have slowed to more moderate proportions as many banks adjusted their
offering rates down and as the amount of savings available for shift­
ing was, in any event, worked off. This has led to a substantial
moderation in the growth rate of M following an unusually rapid 18
per cent annual rate of increase over the first quarter as a whole.

The Honorable W i l l i a m Proxmire

-3-

I hope these comments will prove useful to you. I recognize that
there can be room for difference in analyses of the appropriateness
of financial developments, even taking account of the economic environ­
ment in which they have occurred. The essential point, however, is
that the recent rapid growth in the aggregates is not a matter of the
procedures used in carrying out open market operations, but must be
viewed in relation to credit market conditions generally, to an
appraisal of what such conditions would have been if efforts had been
made to reduce growth rates under the circumstances of the time, and
to o n e ^ assessment of current economic conditions and economic
prospects. I can assure you that we are watching the behavior of the
monetary aggregates carefully, as well as the performance of the money
and capital markets, and that we are prepared to move if that behavior
should appear to threaten the prospects for orderly economic progress.




Sincerely,

Arthur F. Burns

Photocopy from Gerald R. Ford Libi

During the past several’ o n t h s , then, it has been necessary to weigh
m
behavior of the monetary aggregates against the behavior of interest
rates, and to assess them both in relation to the prospects for the
strength of economic recovery and in light of the international
position of the dollar. The Federal Reserve has not committed itself
to a single financial indicator or objective in gauging monetary
policy, but seeks instead to relate over-all financial conditions to
the specific economic developments and prospects of the time. In the
- period under review, there were"specific explanations for behavior of
the aggregates which indicated that the rapid rates of growth would
tend to be self-correcting. Moreover, since the economy was in the
beginning tender stage of recovery, we judged that there was undue
risk that any significant tightening in credit markets--particularly
long-term markets--might hamper progress toward the expansion in
economic activity and in job opportunities toward which we are all
striving.

JOHN S P A R K M A N , A L A .. C H A IR M A N
W iL L lA M P d b X M l R E . W I S .
H A R D IS O N a . W IL L IA M S , J R . , N J .
T H O M A S J . M C IN T Y R E , N .H .
W A L T E R F . M O N D A L E , M IN N .
A L A N C R A N S T O N ,C A L IF .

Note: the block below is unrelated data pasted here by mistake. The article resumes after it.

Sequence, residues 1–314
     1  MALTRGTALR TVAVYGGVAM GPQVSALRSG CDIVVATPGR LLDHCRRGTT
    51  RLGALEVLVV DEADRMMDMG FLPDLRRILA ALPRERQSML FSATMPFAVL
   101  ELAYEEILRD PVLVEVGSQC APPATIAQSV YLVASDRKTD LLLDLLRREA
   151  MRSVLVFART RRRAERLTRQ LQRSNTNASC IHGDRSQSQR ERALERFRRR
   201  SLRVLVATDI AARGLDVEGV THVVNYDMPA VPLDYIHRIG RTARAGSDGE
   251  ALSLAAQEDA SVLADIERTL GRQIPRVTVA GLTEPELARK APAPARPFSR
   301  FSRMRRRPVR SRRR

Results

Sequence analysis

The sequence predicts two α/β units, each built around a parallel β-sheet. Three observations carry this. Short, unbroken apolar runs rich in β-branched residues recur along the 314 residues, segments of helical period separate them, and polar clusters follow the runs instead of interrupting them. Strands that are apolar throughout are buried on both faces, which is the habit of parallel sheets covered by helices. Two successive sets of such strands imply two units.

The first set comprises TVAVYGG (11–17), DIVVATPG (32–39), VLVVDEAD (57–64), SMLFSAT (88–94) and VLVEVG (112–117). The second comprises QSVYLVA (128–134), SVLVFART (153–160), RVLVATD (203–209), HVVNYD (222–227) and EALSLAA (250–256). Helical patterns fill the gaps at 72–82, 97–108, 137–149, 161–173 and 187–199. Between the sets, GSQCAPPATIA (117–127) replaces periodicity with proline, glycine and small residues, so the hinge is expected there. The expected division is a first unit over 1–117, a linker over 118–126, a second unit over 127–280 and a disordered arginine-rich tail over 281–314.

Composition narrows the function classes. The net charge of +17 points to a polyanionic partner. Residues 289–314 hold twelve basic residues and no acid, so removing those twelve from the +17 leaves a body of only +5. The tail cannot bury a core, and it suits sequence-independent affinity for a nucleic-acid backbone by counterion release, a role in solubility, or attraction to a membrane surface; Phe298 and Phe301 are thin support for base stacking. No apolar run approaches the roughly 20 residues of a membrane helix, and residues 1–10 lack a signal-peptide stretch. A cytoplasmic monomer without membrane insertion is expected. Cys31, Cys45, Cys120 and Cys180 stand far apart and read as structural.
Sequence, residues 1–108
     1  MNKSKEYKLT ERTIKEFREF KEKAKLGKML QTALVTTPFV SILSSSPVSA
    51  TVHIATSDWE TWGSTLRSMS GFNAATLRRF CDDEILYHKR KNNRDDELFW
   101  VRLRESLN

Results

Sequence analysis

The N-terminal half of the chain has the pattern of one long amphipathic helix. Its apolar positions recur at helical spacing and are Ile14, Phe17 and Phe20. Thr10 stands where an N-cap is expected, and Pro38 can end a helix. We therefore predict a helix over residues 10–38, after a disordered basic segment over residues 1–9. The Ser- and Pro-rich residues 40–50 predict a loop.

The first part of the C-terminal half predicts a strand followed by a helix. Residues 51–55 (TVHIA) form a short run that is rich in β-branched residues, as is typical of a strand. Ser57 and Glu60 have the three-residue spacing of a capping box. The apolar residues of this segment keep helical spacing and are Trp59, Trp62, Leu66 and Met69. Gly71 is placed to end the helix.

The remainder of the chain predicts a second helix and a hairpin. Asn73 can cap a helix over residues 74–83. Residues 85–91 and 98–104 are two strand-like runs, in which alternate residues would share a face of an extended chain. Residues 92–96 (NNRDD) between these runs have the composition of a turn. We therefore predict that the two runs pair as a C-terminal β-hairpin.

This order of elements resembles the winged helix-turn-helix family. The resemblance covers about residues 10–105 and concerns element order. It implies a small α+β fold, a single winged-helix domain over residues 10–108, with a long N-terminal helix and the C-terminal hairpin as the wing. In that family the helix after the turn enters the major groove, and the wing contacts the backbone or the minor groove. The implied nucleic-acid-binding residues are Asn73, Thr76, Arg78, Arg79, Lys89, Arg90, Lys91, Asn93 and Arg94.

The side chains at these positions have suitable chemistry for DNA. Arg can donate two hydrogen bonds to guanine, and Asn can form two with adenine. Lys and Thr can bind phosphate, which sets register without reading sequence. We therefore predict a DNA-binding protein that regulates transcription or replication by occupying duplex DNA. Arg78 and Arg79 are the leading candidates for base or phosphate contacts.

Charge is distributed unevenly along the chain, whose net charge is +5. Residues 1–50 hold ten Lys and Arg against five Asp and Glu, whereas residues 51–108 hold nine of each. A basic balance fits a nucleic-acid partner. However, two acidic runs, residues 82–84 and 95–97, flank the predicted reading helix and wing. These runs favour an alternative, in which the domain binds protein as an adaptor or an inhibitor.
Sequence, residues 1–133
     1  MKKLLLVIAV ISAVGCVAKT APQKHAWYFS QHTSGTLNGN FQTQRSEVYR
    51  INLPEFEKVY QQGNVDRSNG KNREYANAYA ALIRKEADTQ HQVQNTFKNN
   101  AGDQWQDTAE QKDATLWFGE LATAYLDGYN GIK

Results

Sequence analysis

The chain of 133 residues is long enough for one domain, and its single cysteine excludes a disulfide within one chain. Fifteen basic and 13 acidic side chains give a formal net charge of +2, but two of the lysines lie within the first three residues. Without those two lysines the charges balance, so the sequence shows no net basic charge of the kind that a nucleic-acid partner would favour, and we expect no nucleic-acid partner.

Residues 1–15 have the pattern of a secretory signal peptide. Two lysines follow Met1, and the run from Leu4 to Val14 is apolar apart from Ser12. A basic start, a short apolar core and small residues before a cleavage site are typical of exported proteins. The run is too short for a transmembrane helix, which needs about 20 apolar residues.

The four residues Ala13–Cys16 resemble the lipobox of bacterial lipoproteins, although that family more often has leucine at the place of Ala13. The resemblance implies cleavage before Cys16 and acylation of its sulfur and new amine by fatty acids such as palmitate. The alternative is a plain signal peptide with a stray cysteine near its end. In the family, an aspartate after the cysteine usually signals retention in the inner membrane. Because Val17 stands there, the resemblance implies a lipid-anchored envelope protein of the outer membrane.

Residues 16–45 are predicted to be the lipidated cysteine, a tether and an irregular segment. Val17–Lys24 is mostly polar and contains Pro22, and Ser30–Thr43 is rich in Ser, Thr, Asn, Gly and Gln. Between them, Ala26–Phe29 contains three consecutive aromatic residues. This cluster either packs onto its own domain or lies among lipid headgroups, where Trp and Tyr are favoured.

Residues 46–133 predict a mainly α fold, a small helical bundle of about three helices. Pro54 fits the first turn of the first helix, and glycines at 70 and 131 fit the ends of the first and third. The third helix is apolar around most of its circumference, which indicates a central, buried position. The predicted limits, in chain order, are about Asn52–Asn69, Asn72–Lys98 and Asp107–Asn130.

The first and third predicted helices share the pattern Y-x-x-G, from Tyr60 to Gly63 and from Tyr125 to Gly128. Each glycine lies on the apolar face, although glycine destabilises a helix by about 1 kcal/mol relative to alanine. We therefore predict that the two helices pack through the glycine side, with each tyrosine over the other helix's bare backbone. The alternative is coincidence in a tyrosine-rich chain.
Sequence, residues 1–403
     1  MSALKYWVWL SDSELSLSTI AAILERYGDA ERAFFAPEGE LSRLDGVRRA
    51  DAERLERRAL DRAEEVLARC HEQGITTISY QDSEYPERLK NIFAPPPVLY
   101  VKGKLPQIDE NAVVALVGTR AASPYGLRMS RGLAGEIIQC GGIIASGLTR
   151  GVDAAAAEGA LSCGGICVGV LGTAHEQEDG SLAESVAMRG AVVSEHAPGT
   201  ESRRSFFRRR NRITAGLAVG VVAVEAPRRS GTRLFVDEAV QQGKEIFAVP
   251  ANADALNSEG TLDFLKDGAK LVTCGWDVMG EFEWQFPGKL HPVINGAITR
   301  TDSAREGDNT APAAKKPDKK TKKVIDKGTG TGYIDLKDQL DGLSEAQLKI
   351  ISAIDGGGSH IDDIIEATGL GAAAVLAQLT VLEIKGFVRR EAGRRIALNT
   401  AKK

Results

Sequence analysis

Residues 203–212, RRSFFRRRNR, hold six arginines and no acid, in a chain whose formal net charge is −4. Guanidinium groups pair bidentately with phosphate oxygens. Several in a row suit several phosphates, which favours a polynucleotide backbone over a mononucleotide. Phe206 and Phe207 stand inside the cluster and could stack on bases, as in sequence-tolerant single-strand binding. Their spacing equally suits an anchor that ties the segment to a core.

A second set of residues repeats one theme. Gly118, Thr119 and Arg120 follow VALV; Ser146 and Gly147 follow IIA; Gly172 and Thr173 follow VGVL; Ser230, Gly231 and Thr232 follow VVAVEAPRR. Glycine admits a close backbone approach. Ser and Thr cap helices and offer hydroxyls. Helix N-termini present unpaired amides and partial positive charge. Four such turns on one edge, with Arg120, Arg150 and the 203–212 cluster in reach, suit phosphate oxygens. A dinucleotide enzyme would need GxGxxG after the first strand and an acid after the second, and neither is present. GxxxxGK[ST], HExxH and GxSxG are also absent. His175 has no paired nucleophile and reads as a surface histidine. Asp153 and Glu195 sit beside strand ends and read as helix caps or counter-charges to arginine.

A D L A IE . STEV EN SO N III, IL L .
O A V IO H . G A M B R E L L , G A .

JO H N G . T O W E R . T E X .
W A L L A C E r . D H N N E T T , UTAH
EDW ARD W . EROOKE, M A SS.
BOO P A C K W O O O . O R E O .
W IL L IA M V . R O T H , J R ., D £ L »
B IL L B R O C K . T E N N .
R O B E R T T A F T , J R . , OHIO

O U O L E Y L . O’N E A L , J R .
S T A F F D IR E C T O R A N D G E N E R A L C O U N S E L

\S10roieb J & t a t e s J & e r x a le
C O M M IT T E E O N B A N K IN G , H O U S IN G A N D U R B A N A F F A IR S
W A S H IN G T O N . O .C .

20510

May 3, 1971

-Honorable -Arthur F. Burns
'Board of Governors of the
Federal Reserve System
Washington, D C. 20551
.
Dear M Chairman:
r.
I am enclosing a copy of a recent article by Milton
Friedman on the Federal Reserve Board's monetary policy over the
last few months. Dr. Friedman points out that the m
oney supply,
narrowly defined, grew at the rate of 13% a year in the two months
from January to March. Also enclosed is a table prepared by the
Federal Reserve Bank of St. Louis indicating am annual growth rate
of 1 8 . 1 $ from February to April.
The Federal Reserve Board table also indicates that the
m
oney supply has been growing at an annual rate of 9 , % from
6
November, 1 9 7 0 through April, 1 9 7 1 * The St. Louis Federal Reserve
Bank figures would thus seem to bear out Dr. Friedman's contentions
that the m
oney supply has been expanding at an extremely sharp rate
in recent months.
In the article, Dr. Friedman argues that the reason the
money supply has been expanding at an excessive rate is due to the
obsolete,procedures used by the N York Federal Reserve Bank in
ew
carrying out monetary policy. Dr. Friedman contends that the N York
ew
Fed places too m
uch emphasis on m
oney market conditions and interest
rates. I would appreciate your comments on Dr. Friedman's assessment
of the reasons for the substantial increase in the growth rate of the
money supply over the last few months.
With best wishes, I am

Enclosures





Federal Reserve Bank of St. Louis, One Federal Reserve Bank Plaza, St. Louis, MO 63102